Viw Magazine


  • Written by Suzanne Belton, Associate professor, Menzies School of Health Research
imageThe long road to abortion reform in the NT has been made possible by community campaigns, and gender parity in the lower house.Brian Yap/Flickr, CC BY-SA

The Northern Territory parliament this week passed a bill decriminalising abortion up to 24 weeks’ gestation, removing the requirement of parental approval for abortions in teenagers and providing early medical abortions with tablets.

Decriminalisation is important as it signals to the community that abortion is part of gynaecological care and should not be treated differently to any other form of health care. Abortion remains in the criminal codes of Queensland and New South Wales despite recent reform attempts.

A majority of countries have liberalised access to safe abortion as opposed to risky illegal abortion. The Centre for Reproductive Rights has a useful comparative map of abortion laws although it is not nuanced for Australia.

Data on abortion is poorly collected and analysed in the Northern Territory, but the new bill will ensure data will be collected for public health policy purposes.

Choices in women’s health

Previously NT women had no legal access to early medical abortion using the abortion medications mifepristone and misoprostol up to nine weeks and were only offered surgical abortions in three hospitals.

Early medical abortion has been legal in all other states and territories. The old Medical Services Act from 1974 that regulated abortion, stipulated that two doctors needed to be involved in the management, one of them being a specialist. This limited service was inadequate and out of step with modern gynaecology.

NT women and doctors will be able to use early medical abortion in general medical practices, health clinics and home settings. Women seeking termination services in regional, rural and remote areas face barriers to health care including finding a doctor, stigma, financial costs, and lack of privacy.

The bill enables significant improvements to women’s reproductive health, especially in a jurisdiction that struggles with health service provision and a challenging geography.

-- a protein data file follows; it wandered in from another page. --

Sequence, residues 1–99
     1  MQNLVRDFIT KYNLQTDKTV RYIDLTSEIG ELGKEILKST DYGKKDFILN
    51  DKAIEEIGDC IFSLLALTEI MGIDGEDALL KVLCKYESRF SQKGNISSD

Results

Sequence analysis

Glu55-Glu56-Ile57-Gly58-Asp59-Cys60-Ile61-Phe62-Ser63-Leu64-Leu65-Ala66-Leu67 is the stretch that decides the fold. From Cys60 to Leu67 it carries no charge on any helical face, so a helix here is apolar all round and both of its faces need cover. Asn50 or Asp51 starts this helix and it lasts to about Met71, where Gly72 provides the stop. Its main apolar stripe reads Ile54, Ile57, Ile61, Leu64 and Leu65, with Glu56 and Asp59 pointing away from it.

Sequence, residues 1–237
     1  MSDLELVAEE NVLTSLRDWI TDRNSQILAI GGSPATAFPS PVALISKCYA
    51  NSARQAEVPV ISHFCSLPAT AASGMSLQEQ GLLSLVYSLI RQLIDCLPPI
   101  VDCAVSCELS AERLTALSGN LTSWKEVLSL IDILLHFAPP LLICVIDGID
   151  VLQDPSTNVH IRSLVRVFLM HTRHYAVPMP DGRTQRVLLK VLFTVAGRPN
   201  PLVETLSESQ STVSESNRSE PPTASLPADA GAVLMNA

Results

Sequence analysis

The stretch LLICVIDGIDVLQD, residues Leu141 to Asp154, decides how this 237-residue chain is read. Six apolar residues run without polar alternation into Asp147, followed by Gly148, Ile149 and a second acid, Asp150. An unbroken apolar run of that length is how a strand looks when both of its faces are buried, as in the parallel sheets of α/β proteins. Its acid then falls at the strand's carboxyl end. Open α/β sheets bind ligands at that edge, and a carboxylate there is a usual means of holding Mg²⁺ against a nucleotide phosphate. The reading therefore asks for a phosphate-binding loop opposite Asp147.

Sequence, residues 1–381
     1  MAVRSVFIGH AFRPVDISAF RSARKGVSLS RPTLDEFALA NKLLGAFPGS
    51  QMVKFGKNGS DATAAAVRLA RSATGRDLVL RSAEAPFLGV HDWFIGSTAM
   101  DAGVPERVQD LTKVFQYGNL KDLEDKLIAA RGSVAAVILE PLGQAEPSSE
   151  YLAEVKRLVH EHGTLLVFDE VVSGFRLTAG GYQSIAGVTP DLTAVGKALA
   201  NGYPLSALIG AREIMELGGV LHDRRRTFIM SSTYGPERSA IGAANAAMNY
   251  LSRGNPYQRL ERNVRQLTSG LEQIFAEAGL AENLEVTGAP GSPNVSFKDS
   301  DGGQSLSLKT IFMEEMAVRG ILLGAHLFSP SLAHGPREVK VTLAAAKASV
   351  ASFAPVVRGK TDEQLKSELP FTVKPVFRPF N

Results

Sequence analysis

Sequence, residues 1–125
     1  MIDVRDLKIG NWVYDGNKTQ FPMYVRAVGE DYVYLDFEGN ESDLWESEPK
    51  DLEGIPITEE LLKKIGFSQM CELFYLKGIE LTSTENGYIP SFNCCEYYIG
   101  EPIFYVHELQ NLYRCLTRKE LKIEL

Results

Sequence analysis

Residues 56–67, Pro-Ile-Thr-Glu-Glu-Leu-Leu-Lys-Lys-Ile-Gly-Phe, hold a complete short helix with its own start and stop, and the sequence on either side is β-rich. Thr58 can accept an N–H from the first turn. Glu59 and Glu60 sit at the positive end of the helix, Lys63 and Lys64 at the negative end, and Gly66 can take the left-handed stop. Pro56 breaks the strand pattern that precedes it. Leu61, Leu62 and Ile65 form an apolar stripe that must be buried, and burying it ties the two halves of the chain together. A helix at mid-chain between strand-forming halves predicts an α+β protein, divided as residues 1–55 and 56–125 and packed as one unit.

The bill also places safe access zones around clinics for health staff and women in a similar way to Victorian and Tasmanian legislation. The safe access zone will protect women and staff from intentional harassment, intimidation, obstruction or invasion of privacy. This also includes the recording of people leaving or entering health clinics and has penalties attached to this type of behaviour.

The bill also specifically references conscientious objection and the need for a health practitioner who holds anti-abortion beliefs to refer the woman to another health practitioner who does not. This is similar to Victorian and Tasmanian legislation and the national Australian Medical Association position statement.

Indigenous women’s health needs

The NT has a large minority (30%) of Aboriginal women who have higher maternal rates of death and illness than other women. During debate in parliament some members suggested that providing access to termination choices would be unsafe for Indigenous women in remote communities and that Indigenous women would not be able to understand aspects of their reproductive health.

The paternalistic and racist attitudes were called out by Mr Chansey Paech, Ms Selena Uibo and Ms Ngaree Ah Kit, Indigenous members of the legislative assembly who argued for legal equity.

This bill took four and a half years of public advocacy to be passed and there were several reasons for its success in 2017. The first is overwhelming public support for equity in health care and a strong community campaign.

The second reason is 50% of the members of the 13th Legislative Assembly are women. No state or federal parliament in Australia has this level of female representation. Women are better placed to understand women’s health needs and women in the NT were lacking this representation until gender parity in the lower house of parliament in 2016.

Addressing discrimination in health care

This legislation will reduce discrimination against women and go some way to meeting Australia’s obligations under the United Nations Convention of Elimination of all forms of Discrimination Against Women.

Termination of pregnancy enables women to manage their health and fertility, decreases maternal disability and death, and reduces unwanted motherhood. All of which are positive outcomes.

However, unwanted, mistimed and unviable pregnancies are not welcome events in women’s lives and may be indicators of poor health, genetic or contraceptive chance, social disadvantage, poor sexual and reproductive literacy, low reproductive autonomy, or lack of access to quality sexual and reproductive health staff and services. Some of these precursors to unwanted pregnancy need attention if abortion rates are to be reduced in Australia.

Suzanne Belton does not work for, consult, own shares in or receive funding from any company or organisation that would benefit from this article, and has disclosed no relevant affiliations beyond the appointments above.Suzanne Belton is the President of Family Planning Welfare Association NT and is Adjunct staff at Menzies School of Health Research. She is a member of the Public Health Association NT and the Health Alliance NT.

Authors: Suzanne Belton, Associate professor, Menzies School of Health Research

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